My team is just getting started integrating agile practices (we've chosen kanban) into our dev, test and design teams, but we have a lot of bug cases and feature cases not written in user stories left over from the old system and we're trying to find a good way to take care of the bugs but still keep the devs that need to stay heads down focused. for now we have a newer dev assigned to bug fixes so the rest can work on new features but we are looking for the right way to structure the team. We have 7 devs, 2 testers and 2 designers.

Thanks in advance for the help :)

3 Answers 3


Place the bug items on your Kanban board like everything else (in prioritized order of course) and then let the team decide who should implement the next item in the queue.

I believe the team knows best how to handle this, rather than having someone else distribute the items among specific team members. At least that will give them an opportunity to self-organize. This being agile and all.

  • 1
    It is not like there will be no new bugs now you have started with agile processes. May 7, 2013 at 15:02
  • @BartvanIngenSchenau Can you explain what you mean? May 8, 2013 at 6:44
  • 1
    I meant that it is entirely proper to put the existing bugs on your Kanban board, because you would have to do the same with future bugs as well. May 8, 2013 at 7:48

Finish the old bug cases and feature requests as usual and slowly begin to implement the kanban system as new bug cases and feature requests come in.


Have some devs or other people in the office create user stories for the old bugs before progressing.


What you are maybe missing is a clearly prioritized backlog and proper WIP limits (work in progress limits).

First, assuming you are starting out using 3 states (Open/Backlog, In Progress, Done) the team needs to have a way of pulling items from the backlog according to the priorities set out by the product owner. It does not matter whether or not these are leftovers from the pre-agile time. Everything has to be prioritized against everything else, right? So assemble your backlog, giving the team the possibility to choose from the top of the backlog. It also does not matter whether or not the items are rough sketched bug descriptions or fully blown stories, what matters is that you have some kind of visualized representation of the idea of the product owner that the team can work with it. Transition to a more formalized way of defining these wishes on the way (until you end up with only proper bugs and stories in the end). Bugs are a fact of life in software development, so just treat them as stories when prioritizing.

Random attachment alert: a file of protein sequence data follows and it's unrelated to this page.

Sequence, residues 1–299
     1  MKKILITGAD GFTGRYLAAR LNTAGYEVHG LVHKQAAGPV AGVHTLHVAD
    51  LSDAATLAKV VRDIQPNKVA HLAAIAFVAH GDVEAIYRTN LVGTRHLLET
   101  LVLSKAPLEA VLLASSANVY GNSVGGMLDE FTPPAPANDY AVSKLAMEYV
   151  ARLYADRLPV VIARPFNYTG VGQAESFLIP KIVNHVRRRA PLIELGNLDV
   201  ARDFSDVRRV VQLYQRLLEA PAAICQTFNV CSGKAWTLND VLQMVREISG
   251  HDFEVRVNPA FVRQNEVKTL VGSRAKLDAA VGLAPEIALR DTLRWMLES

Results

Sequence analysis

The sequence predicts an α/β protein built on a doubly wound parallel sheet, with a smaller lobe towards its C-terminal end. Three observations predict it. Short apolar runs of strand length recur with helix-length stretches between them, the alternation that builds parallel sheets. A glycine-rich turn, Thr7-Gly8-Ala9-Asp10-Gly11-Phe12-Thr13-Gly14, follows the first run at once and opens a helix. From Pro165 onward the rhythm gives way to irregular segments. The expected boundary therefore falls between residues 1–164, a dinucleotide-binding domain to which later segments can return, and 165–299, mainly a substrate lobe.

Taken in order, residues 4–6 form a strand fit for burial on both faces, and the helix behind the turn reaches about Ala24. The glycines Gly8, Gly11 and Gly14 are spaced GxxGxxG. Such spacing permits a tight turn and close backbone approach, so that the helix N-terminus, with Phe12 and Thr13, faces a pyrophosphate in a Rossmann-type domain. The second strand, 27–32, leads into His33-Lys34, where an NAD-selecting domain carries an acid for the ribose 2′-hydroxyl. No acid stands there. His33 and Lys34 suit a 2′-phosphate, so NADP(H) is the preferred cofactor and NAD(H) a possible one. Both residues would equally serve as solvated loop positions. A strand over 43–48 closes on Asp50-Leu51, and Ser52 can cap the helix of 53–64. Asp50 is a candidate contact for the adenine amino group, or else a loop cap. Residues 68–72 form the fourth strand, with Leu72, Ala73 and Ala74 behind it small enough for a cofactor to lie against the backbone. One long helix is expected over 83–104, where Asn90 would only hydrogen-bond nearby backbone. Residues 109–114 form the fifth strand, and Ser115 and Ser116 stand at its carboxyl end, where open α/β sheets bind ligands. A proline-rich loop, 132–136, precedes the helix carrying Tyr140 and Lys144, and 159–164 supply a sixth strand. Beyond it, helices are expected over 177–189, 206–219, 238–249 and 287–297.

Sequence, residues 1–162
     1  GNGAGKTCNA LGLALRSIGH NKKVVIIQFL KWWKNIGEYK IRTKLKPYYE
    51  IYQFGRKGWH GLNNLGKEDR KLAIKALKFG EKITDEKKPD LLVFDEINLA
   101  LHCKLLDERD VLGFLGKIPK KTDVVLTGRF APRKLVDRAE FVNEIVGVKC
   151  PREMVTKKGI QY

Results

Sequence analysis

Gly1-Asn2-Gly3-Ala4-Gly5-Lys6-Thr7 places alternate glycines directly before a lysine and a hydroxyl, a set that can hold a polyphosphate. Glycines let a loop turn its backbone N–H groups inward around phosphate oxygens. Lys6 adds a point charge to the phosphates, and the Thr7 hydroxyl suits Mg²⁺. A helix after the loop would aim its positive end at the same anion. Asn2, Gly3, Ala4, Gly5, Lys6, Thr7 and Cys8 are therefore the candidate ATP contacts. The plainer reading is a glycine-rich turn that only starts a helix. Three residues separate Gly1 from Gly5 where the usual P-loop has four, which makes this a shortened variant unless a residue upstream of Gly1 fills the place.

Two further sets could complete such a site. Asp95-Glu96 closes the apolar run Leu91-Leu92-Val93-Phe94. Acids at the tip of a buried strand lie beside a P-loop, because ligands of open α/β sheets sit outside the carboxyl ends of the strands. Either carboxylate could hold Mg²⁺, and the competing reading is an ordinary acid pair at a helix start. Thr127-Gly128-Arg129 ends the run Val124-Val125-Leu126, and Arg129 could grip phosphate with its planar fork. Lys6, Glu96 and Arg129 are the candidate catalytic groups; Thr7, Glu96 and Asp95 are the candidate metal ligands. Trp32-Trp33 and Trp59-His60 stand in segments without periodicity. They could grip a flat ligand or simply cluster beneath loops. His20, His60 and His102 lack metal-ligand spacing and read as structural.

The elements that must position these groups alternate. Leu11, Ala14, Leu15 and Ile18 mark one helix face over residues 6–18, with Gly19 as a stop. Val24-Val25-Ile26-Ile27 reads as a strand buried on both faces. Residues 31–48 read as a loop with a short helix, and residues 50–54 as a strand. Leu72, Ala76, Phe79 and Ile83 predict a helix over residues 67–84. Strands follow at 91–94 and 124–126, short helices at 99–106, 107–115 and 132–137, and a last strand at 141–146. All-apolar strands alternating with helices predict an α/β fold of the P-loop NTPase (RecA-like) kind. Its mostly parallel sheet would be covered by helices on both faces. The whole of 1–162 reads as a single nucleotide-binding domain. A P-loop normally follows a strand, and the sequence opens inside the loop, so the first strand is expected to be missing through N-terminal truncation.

Second, tell the team to come up with a maximum number of items that they would like to have in progress at the same time and let the team define this as their initial WIP limit. This value can be adjusted over time depending on the way it works out for you.

It also seems as if you think you know best how the team should organize their work (assign one new developer on bugs, keep others focused). I have seen this kind of behavior before and usually it is a sign of dysfunctional behavior. The team should know best how they solve the items on the Kanban board, provided they act and think as a team. This way they can maximize the throughput and utilize everyone to the best of his/her abilities. Interference from outside (micro-management and alike) can hurt the team. This said, there is always two sides of the story, as teams must grow and might need proper guidance to achieve a certain quality where agile practices work effectively. If they have problems splitting up the work this is something that can be addressed as part of retrospectives/feedback loops that are essential to improve things like the distribution of work for example.

Remember that Kanban is based on letting the team pull rather than pushing items onto the team. Finally, should you fail with the one big team approach, you and your team can always consider splitting up the team into several smaller teams, each having own Kanban processes and workflows with individual boards, tailored to the specific team's needs (e.g. a bugfixing team, feature team, tester team). In the end, you and your development team must govern the process, not the other way round.

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